of Spokane, WA (Witherspoon, Kelley, etc.), this "gem from a Secret Service 'Q and A' of a guy who designed an impressive scheme to defraud banks through the use of phony checks to fictitious payees such as 'Robin Banks'
and 'E. Z. Mooney'
Q. You were the planner of everything? From the very beginning? I mean from the beginning when you went into the bank fraud business?
Q. Take it city by city, might make it easier.
A. There was other people, like I say, in the beginning that was involved. When the bank fraud started and it was brought to my attention, I said that's wrong
. From then on, I guess I become the ring leader.
Q. You said it was wrong, but yet, even though it was wrong...
A. It was wrong the way they was doing it.
Q. Oh, they weren't doing it correctly. OK.
May 1993 - Did He Really Say That?
From George M. Walker
of Mobile, AL (Hand, Arendall, etc.), this excerpt from "one of the first depositions [he] ever attended" - of a "retired insulator from a local shipbuilding company in an asbestos case" (so there were, "as usual, 25 defense lawyers around a conference room table peppering [the witness] with questions:"
Q. What was your father's name?
A. I don't know, we always called him "Dad."
January 1990 - Did I Really Say That?Judge Robert Lee Eschenburg, II
of Floresville (218th District Court) notes that "you rarely write about a judge's goof" — and contributes one of his own:
I have just finished a criminal trial. During the final argument by one of the attorneys, the other attorney raised an objection. I quickly responded "overstained
." Just let the 4th Court of Appeals in San Antonio reverse me on that!
March 1993 - Prayers and the Lord
From Vicki A. Lorenzen
of Amarillo (a legal assistant with Hoffman, Sheffield & Sauseda), this excerpt from a deposition taken by an attorney with the Underwood, Wilson, etc. firm.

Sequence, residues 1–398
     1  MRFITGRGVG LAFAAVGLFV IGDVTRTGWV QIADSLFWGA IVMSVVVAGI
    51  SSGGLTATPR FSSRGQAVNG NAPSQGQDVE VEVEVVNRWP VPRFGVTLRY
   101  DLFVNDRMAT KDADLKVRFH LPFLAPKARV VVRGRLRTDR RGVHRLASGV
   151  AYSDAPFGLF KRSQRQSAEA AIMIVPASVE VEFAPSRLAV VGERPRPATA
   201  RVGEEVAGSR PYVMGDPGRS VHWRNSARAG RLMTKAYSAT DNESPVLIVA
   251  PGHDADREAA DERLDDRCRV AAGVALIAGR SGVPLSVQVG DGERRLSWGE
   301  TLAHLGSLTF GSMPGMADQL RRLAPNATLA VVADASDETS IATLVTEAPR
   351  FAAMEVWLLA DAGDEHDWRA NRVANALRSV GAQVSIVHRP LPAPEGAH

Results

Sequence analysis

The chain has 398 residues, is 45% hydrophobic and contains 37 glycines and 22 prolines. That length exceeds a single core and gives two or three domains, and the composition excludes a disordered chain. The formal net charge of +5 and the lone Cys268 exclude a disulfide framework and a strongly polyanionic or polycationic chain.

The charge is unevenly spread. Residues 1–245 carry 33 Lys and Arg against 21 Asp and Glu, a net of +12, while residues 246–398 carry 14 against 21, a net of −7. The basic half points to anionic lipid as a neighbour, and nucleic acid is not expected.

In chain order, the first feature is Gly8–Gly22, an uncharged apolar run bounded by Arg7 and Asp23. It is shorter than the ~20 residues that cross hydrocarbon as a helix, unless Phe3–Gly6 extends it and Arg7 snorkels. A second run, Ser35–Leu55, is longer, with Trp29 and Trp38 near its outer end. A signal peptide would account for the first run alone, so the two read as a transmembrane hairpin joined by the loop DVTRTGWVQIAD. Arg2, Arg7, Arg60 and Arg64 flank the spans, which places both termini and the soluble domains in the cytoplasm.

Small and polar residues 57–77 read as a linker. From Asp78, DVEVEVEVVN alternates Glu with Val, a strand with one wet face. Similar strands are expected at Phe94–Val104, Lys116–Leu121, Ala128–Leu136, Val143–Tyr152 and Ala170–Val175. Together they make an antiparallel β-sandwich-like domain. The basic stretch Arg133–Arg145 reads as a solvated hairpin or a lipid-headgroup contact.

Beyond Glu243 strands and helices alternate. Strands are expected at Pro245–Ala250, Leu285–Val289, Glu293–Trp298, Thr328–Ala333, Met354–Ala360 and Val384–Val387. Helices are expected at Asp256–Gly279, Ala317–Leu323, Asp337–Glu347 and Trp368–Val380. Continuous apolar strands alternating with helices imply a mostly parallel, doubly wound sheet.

Q. Okay. Do you know of any expert witnesses that you intend to call at time of trial? Do you know what an expert witness is?
A. I don't know just who.
Q. Okay. Well, we will ask your daughter.
A. I've got the lord
Q. Okay. That's fair
May 1992 - Truth and/or Veracity
From U.S. District Judge Lucius D. Bunton
of Midland (Chief Judge of the entire
Western District of Texas), this "character testimony" from a "crack cocaine" case that Lucius tried. After one of the five co-defendants testified, he was followed by a "character witness":
Q. Are you familiar with the defendant's reputation in his community (Ft. Worth) for truth and veracity?
A. I guess that I am ...
Q. Just answer "yes" or "no."
A. Well, yes.
Q. Okay. Is his reputation good or bad?
A. It's about medium - sometimes he tells the truth and sometimes he don't.
April 2006 - DOT-DOT-DOT, DASH-DASH-DASH
The Feb. 12, 2006, edition of The New York Times reported on the end of an era in a marvelous story about Western Union’s decision to stop sending telegrams — because of declining business due to email and other technologies. From a high of more than 200 million telegrams in 1929, the number had dwindled to 21,000 in 2005.
Fortunately, the story recalled some of the “famous, infamous, and apocryphal dispatches” compiled from several sources, including Telegram! a book by Linda Rosenkrantz:
“In 1933, Western Union introduced the singing telegram — which became the source of this famously macabre joke: A woman, finding a Western Union messenger at the door, exclaims:
‘Great, I’ve always wanted a singing telegram.’ But no, she’s told, it’s just a regular telegram. The woman pleads — so the messenger relents and finally sings:
‘Dum De Dum Dum. Your Sister Rose is Dead.’”
“Writers, of course, say the cleverest things. The humorist Robert Benchley, arriving in Venice for the first time, cabled Harold Ross, editor of The New Yorker:
‘STREETS FULL OF WATER! PLEASE ADVISE.’”
“Telegrams also corrected mistakes. When Mark Twain heard that his obituary had been published, he cabled from London in 1897: